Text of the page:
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FIRS explains Nigeria’s rejection of OECD tax agreement

By Joseph Chibueze, Abuja
24 May 2022   |   4:12 am
The Federal Inland Revenue Service (FIRS) has stated that Nigeria refused to endorse the Organization for Economic Cooperation and Development (OECD) Minimum Corporate Tax Agreement because it does not serve the overall interest of the country.

Executive Chairman, FIRS, Muhammad Nami . Photo: FIRSNIGERIA

The Federal Inland Revenue Service (FIRS) has stated that Nigeria refused to endorse the Organization for Economic Cooperation and Development (OECD) Minimum Corporate Tax Agreement because it does not serve the overall interest of the country.

Executive Chairman of FIRS, Mohammad Nami gave this explanation at the recent tax conference organised by the Chartered Institute of Taxation of Nigeria (CITN).

Nami, was responding to the comment by Mr Aigboje Aig-Imoukhuede in his lead paper at the conference where he queried the wisdom in Nigeria along with three other countries, including Kenya, Pakistan and Sri Lanka, in refusing to sign the global minimum tax deal initiated by the OECD countries in response to the digital 4th industrial revolution.

His comment was further stressed by the President of CITN, Adesina Adedayo in his welcome address when he expressed misgivings over Nigeria’s refusal to sign the 15-point Organisation for Economic Co-operation and Development Base Erosion and Profit Shifting (OECD-BEPS) Action Plan, particularly action plans 5, 6,13 and 14, which he said formed the implementation of the OECD-BEPS Project 4 minimum requirements.

He warned that Nigeria’s resort to reciprocal jurisdiction has its own implications in the disruption of the global tax space.

But Nami in his reaction said Nigeria’s cautious approach to the endorsement of the (OECD)/ G20 Inclusive Framework two-pillar solution to the taxation of the digital economy is in the best interest of the country, and to ensure that Nigeria does not lose out on potential revenue from the digital economy.

Explaining why the agreement is unfair to Nigeria and the developing countries in general, Nami stated that the country, having reviewed the conditions of the agreement, had concerns about the impact that the signing of the agreement would have on the country’s tax system and tax revenue generation.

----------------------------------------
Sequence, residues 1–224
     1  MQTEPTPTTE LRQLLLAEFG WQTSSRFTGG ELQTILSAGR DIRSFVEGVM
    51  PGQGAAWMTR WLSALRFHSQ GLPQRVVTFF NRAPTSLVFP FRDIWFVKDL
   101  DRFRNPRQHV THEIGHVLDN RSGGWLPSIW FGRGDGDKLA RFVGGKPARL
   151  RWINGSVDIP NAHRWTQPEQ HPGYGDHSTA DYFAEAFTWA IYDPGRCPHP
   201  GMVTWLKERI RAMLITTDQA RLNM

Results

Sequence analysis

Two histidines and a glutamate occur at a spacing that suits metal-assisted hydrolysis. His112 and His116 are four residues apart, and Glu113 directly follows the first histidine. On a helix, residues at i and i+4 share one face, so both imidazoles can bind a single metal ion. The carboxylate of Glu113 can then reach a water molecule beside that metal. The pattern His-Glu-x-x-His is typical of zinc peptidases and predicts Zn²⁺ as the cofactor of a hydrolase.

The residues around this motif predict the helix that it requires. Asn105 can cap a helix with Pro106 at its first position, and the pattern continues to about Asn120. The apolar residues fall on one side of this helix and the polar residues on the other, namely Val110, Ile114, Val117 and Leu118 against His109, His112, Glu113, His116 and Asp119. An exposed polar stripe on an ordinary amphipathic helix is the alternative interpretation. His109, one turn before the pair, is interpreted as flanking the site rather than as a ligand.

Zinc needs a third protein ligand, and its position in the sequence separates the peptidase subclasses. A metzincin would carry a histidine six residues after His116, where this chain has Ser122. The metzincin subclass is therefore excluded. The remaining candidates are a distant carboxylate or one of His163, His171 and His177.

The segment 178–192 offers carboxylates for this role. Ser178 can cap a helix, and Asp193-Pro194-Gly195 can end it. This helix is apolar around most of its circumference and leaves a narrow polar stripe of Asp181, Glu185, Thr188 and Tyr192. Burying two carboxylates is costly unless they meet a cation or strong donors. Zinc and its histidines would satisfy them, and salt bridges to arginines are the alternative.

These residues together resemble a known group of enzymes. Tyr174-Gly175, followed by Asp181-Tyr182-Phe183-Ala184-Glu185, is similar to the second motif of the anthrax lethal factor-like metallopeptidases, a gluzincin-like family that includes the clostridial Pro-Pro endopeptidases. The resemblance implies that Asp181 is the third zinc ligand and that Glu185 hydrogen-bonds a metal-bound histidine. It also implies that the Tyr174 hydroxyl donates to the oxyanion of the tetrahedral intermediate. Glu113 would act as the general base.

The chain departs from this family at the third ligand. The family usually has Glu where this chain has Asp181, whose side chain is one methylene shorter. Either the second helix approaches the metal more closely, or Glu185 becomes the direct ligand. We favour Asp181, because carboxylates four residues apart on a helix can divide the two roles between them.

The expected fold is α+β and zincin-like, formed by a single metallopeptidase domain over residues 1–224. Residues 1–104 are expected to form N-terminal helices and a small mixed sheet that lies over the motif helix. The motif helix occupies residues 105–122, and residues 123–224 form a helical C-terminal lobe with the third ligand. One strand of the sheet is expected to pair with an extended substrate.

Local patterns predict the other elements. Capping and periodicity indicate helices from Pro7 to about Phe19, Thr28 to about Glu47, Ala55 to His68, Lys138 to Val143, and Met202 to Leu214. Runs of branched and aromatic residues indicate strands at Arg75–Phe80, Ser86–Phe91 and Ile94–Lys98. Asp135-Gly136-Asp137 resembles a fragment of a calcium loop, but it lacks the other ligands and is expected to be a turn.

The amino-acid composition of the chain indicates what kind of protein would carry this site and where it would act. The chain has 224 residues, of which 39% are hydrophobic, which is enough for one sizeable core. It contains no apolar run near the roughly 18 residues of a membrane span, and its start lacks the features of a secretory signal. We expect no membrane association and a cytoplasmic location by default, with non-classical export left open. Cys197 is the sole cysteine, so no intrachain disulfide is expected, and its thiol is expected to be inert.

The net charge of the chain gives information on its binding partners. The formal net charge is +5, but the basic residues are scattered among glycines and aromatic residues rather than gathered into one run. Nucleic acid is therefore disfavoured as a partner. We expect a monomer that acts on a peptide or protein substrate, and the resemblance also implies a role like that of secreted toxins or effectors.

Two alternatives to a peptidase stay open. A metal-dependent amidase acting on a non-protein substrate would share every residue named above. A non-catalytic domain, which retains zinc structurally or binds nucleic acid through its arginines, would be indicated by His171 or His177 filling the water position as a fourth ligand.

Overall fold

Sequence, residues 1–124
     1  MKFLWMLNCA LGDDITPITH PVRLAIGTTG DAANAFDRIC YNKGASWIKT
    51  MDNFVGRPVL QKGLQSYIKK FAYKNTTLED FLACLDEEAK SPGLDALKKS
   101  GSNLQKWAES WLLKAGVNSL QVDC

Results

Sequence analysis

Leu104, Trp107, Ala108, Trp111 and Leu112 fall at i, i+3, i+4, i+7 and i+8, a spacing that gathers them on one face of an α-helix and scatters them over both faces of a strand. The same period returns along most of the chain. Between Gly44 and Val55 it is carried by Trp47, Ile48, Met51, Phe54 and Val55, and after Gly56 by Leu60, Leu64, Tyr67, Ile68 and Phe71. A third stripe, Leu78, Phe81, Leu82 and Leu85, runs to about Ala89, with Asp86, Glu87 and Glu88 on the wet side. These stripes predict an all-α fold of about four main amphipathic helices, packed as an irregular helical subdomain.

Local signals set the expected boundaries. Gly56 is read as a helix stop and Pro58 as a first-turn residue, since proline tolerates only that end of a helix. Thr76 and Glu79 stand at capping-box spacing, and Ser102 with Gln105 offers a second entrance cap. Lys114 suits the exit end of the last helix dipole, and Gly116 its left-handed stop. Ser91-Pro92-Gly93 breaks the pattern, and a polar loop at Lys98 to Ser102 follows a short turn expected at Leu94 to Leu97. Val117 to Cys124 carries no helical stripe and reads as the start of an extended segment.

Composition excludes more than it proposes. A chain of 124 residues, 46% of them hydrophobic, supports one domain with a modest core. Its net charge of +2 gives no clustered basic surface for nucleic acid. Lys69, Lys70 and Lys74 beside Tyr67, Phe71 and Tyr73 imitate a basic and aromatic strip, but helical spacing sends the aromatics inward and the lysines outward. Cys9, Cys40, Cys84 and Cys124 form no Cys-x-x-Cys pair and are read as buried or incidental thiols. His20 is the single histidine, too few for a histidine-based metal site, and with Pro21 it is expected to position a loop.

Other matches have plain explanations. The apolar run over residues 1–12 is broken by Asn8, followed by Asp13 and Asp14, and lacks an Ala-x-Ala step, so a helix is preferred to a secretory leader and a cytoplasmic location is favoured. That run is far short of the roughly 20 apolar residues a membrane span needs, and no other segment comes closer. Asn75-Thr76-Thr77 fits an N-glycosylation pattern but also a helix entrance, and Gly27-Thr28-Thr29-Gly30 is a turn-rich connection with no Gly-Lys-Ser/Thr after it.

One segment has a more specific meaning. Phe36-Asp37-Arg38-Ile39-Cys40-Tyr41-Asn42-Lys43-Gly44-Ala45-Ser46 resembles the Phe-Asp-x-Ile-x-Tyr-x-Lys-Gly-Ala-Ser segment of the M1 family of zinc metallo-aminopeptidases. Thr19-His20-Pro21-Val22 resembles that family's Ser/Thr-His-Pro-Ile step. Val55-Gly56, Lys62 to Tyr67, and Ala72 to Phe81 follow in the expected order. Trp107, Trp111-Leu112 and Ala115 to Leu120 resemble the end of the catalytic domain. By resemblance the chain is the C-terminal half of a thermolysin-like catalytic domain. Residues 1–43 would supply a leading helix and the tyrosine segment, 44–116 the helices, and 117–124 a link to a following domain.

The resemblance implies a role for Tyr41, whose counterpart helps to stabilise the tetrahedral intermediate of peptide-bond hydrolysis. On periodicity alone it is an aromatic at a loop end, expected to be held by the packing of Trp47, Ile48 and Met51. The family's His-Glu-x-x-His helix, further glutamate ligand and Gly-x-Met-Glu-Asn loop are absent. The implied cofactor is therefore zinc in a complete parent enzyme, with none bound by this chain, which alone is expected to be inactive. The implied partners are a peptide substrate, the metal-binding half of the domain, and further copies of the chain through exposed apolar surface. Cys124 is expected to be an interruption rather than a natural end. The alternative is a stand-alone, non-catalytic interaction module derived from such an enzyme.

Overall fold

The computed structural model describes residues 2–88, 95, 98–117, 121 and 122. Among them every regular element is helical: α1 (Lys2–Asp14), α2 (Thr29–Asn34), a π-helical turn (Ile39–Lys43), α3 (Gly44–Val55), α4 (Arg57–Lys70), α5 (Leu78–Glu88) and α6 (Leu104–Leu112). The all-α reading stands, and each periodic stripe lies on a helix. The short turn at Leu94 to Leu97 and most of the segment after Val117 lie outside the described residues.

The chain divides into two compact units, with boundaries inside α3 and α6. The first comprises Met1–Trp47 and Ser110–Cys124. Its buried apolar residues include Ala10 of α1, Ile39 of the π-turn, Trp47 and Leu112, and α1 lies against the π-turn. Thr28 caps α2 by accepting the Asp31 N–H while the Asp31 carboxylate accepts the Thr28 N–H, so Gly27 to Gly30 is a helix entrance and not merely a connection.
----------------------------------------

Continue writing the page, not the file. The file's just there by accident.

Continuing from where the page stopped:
“There are serious concerns on how the rules would compound the issues in our tax system. For instance, to be able to tax any digital sale or any multinational enterprise (MNEs), that company or enterprise must have an annual global turnover of €20 billion and a global profitability of 10%. That is a concern. This is because most MNEs that operate in our country do not meet such criteria and we would not be able to tax them.

“Secondly, the €20 billion global annual turnover in question is not just for one accounting year, but it is that the enterprise must make €20 billion revenue and 10% profitability in average for four consecutive years, otherwise that enterprise will never pay tax in our country, but in the country where the enterprise comes from, or its country of residence”, he added.

Thirdly, he noted that for Nigeria to subject a multinational enterprise to tax under the rule, the entity must have generated at least €1 million turnover from Nigeria within a year.

Nami stated that this is an unfair position especially to domestic companies which, with a minimum of above N25 million (that is about €57,000) turnover, are subject to companies income tax in Nigeria.

He added that this rule will take so many multinational enterprises from the scope of those that are currently paying taxes to Nigeria.

In other words, even the MNEs that are currently paying taxes in Nigeria would cease to pay taxes to us because of this rule.

Fourthly, on the issue of dispute resolutions under the Two-Pillar Solution, the FIRS Executive Chairman explained that the rules were such that in the event of a dispute between Nigeria and a Multinational Enterprise, Nigeria would be subject to an international arbitration panel as against Nigeria’s own justice system.

“It would be subject to international arbitration and not Nigeria’s judicial system and laws—even where the income is directly related to a Nigerian member of an MNE group, which is ordinarily subject to tax in Nigeria on its worldwide income and subject to the laws of Nigeria. We are concerned about getting a fair deal from such a process.

“More so, such a dispute resolution process with a Multinational Enterprise, in an international arbitration panel outside the country, would lead to heavy expenses on legal services, traveling and other incidental costs. Nigeria would spend more; even beyond the tax yield from such cases,” he said.

On the issue of Nigeria losing significant revenue if it fails to sign into the OECD Inclusive Framework rules for the taxation of the digital economy, the FIRS Executive Chairman noted that this was not a problem as the country had already put forward four ongoing solutions to the challenge of taxation of the digital economy.